Fears for future of Foula ferry service after council cuts budget by more than 20 per cent
The council has moved to quell anger in Foula over the threat to its successful privatised ferry service from a 23 per cent cut in funding. The island’s community councillor Jim Gear was shocked to learn this week that councillors had agreed a £115,000 cut to the annual contract of over £500,000 without consultation.
All the council had said publicly was that the saving would come from “negotiating a different specification and delivery method” for the service before it goes out to tender shortly.
The cutback is just one of 163 different savings and hikes in council charges already backed by councillors to help hack £18.5 million off the local authority’s spend in 2011/12.
Since November 2006 the Foula ferry has been operated by Atlantic Ferries, a company owned by the Grains brothers from Whiteness. They have run the council ferry New Advance almost without complaint from the 30 folk in Foula after many years of enduring a troubled council-run service.
The 15-year-old Foula-based boat does two sailings a week in winter between Foula and Walls and three in summer, including to Scalloway.
Mr Gear said any move to cut the service would be “absolutely disgraceful” and an unfair act of sabotage on one of Shetland’s most remote communities, particularly when it had only recently been involved in talks about enhancing transport services for the outer isles.
He raised the issue with the SIC councillors who attended Tuesday night’s meeting of the Walls and Sandness Community Council. As a result, councillor Gary Robinson sought answers from council officials the following day at the Full Council, prompting infrastructure executive director Gordon Greenhill to give an assurance that the service to islanders would not be affected.
Mr Greenhill said afterwards the saving was “an efficiency, not a cut” and the council would not change customers’ transport expectations without prior consultation.
Later, head of transport Michael Craigie admitted the Foula folk were entitled to have concerns based on the lack of information coming out of the council about the decision. But he insisted there would be no changes to the frequency or timing of sailings or any threat to the continued stationing of the boat in Foula with its island crew. He said: “It will be exactly the same service as they currently receive.”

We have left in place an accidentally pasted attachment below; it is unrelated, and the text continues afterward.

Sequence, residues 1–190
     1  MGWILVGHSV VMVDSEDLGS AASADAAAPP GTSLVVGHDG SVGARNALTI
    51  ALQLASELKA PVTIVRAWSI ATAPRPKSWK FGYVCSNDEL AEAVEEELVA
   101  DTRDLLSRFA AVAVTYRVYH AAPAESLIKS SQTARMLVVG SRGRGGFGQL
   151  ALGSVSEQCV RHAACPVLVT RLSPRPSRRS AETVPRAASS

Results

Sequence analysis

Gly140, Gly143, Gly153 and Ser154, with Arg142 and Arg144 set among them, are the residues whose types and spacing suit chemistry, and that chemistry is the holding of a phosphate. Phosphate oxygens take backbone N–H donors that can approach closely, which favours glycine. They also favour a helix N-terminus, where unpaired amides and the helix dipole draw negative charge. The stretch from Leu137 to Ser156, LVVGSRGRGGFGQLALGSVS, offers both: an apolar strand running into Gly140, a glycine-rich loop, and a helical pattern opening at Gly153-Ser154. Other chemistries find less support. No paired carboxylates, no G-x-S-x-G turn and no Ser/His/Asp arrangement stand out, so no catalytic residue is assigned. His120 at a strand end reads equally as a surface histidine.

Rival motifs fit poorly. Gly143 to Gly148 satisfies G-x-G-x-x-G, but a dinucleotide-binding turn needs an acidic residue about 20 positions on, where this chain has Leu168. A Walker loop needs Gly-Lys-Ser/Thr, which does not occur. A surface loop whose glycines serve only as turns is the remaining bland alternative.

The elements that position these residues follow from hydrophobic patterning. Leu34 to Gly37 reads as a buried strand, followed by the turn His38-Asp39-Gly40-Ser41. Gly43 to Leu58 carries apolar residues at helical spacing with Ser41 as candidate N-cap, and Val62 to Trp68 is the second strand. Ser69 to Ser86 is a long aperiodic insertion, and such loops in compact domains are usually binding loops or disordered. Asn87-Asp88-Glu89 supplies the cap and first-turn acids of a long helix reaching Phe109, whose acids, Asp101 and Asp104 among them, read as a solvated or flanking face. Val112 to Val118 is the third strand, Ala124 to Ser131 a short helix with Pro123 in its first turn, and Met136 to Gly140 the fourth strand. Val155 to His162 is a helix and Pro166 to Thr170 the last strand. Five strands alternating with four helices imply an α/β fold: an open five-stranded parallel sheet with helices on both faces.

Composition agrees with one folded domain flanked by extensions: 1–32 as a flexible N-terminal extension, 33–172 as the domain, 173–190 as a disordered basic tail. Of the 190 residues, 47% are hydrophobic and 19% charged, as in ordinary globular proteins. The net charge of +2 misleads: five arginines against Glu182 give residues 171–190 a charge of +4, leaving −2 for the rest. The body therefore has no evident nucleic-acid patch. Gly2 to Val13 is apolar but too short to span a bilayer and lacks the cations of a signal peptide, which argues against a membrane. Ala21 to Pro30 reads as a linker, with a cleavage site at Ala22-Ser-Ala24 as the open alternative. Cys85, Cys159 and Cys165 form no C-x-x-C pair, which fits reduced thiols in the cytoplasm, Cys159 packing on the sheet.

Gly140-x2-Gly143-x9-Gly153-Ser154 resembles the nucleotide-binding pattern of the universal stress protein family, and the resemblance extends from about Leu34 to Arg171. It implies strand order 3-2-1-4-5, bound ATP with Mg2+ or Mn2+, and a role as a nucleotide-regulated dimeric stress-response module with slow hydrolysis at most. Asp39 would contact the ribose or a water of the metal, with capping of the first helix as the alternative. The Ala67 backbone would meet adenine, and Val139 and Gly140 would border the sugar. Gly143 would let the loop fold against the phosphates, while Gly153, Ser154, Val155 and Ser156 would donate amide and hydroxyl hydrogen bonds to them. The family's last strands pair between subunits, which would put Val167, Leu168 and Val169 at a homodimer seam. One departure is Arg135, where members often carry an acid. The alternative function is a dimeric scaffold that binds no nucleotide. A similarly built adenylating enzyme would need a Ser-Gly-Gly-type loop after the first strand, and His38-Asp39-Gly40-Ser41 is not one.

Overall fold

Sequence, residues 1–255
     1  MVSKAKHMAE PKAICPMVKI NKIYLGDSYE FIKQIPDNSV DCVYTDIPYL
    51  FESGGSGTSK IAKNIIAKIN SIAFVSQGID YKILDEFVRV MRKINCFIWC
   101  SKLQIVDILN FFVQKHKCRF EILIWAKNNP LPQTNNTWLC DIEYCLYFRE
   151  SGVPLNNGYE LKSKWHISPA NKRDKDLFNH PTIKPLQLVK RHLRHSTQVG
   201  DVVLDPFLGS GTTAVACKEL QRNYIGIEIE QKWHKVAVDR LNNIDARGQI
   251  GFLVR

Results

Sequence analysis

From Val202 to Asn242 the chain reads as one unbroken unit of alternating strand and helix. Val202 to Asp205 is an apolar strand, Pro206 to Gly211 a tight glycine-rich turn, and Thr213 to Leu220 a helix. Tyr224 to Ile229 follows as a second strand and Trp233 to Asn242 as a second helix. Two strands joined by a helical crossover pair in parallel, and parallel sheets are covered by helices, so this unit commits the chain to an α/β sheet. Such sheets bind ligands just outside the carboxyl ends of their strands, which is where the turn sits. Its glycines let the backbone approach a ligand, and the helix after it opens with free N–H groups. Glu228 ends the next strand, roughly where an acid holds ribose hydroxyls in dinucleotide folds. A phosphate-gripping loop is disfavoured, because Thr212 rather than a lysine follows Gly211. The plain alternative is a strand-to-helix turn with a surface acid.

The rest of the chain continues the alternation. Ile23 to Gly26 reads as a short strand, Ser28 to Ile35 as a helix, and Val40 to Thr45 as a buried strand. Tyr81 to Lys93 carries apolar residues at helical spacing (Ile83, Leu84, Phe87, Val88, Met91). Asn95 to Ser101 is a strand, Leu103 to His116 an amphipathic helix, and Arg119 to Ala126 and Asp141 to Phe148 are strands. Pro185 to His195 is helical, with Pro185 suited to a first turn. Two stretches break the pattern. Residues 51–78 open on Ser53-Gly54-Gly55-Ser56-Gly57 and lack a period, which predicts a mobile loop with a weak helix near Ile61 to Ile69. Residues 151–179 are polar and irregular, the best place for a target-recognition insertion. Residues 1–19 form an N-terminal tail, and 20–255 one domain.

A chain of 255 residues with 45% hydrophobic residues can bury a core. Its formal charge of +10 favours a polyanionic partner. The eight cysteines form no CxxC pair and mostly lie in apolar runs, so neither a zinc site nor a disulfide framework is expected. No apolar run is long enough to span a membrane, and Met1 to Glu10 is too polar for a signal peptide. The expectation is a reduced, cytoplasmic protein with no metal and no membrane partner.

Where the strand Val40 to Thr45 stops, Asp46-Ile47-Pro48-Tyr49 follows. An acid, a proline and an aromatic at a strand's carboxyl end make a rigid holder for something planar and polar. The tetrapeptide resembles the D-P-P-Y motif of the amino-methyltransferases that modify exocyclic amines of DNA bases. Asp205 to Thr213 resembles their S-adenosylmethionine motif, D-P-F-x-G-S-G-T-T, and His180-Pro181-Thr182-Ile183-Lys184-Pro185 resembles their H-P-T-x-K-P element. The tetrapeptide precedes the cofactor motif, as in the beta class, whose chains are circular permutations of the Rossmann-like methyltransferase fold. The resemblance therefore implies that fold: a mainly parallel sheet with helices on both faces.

For commercial reasons he said he could not go into detail about the proposed savings at this stage. However, having had a private operator running the contract for over four years he said the council had learnt a lot about how it could refine the contract specification to take out waste and inefficiency.
He said: “We see opportunities to change some aspects of the specification in terms of the support aspects of the service rather than the frontline aspects of the service.”
Councillor Robinson said he had been assured there was no indication at this stage that the ferry service was in any way going to be reduced. However he said until the members saw the tender documents they would not know with absolute certainty what was being proposed.
One area he understands savings will be found is from the mystifying council accounting practice of “recharges” under which budgets are set to include often large amounts charged as fees by other council departments to cover the various services they provide to each other.
“We’ll certainly be keeping a close eye on it,” he said. “We’ve got the message loud and clear from the Foula folk that they believe they have a good service and that’s what they want to keep.”
Mr Gear said he believed a lot of council officials’ time had been charged against the Foula ferry service, which had made it seem more expensive than it needed to be.
However, finding a saving of £115,000 from a £500,000 contract without having any effect on islanders would seem ambitious. Other potential areas where reductions might be made could include insurance costs or possibly relaxing the requirement on the operators regarding the back-up ferry they have to provide. Atlantic Ferries bought the catamaran Ali Cat which it has used from time to time.
For full story, see this week’s Shetland Times.